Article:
Mayor-Elect Bill de Blasio made a rare testimonial about his deceased father during a speech honoring veterans like him Monday.
"For so many of us, this is a day we think about larger issues that confront our nation, we think about the men and women that have served. But for a lot of us, of course, it's very personal," de Blasio said at a ceremony before marching in the Veterans Day Parade.
"In my family, the service of our family members framed so much of our lives. My father served in the Pacific of World War II in combat, in a number of key battles, including the Battle of Okinawa where he lost his leg. And he carried the physical and emotional challenges ever after," de Blasio said. [embedgallery id=251776]
Warren Wilhelm struggled with alcoholism and divorced from de Blasio's mother when the mayor-elect was young. He eventually killed himself while battling cancer in 1979.
Born Warren Wilhelm Jr., de Blasio legally took his mother's maiden name in college. De Blasio seldom speaks about his father.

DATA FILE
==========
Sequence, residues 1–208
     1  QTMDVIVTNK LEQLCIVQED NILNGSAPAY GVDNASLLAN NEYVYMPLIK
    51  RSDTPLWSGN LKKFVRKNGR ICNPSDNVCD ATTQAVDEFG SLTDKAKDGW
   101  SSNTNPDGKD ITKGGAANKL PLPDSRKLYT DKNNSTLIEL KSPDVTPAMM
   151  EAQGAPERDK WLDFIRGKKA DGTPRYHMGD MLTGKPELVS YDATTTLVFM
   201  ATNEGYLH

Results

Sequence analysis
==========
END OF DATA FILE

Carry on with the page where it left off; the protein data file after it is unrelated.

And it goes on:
De Blasio said he and his wife, Chirlane McCray, both had parents who were involved in the war effort directly. His mother worked at the Office of War Information during World War II.
McCray's father served in the Army in Eurpoe and her mother worked at the Springfield Armory.
"The stories, the memories, the meaning of that, carried on until this day," de Blasio said.
De Blasio promised that that his upcoming administration would continue in the tradition of Mayor Michael Bloomberg, whose efforts to help veterans he praised.
Bloomberg told the audience that they were "blessed" to have de Blasio as mayor-elect.
During his own remarks, a heckler in army fatigues stood up and shouted at Bloomberg.
"F—you! Power to the people!" the man said, mumbling "stop stop-and-frisk" before being led out of the audience.
Responding calmly with "okay" and "thank you," Bloomberg added, "Let me just point out something, in no other country could somebody do that."
The mayor also said that he would continue to honor veterans next year, though he won't share a stage with de Blasio.
"When I was first elected mayor, there was still smoke rising from the World Trade Center site and that was a very difficult time —our men and women in the armed forces were bravely stepping up to confront new threats and ensure our safety," Bloomberg said. "Because of them, our city and our nation has kept growing."
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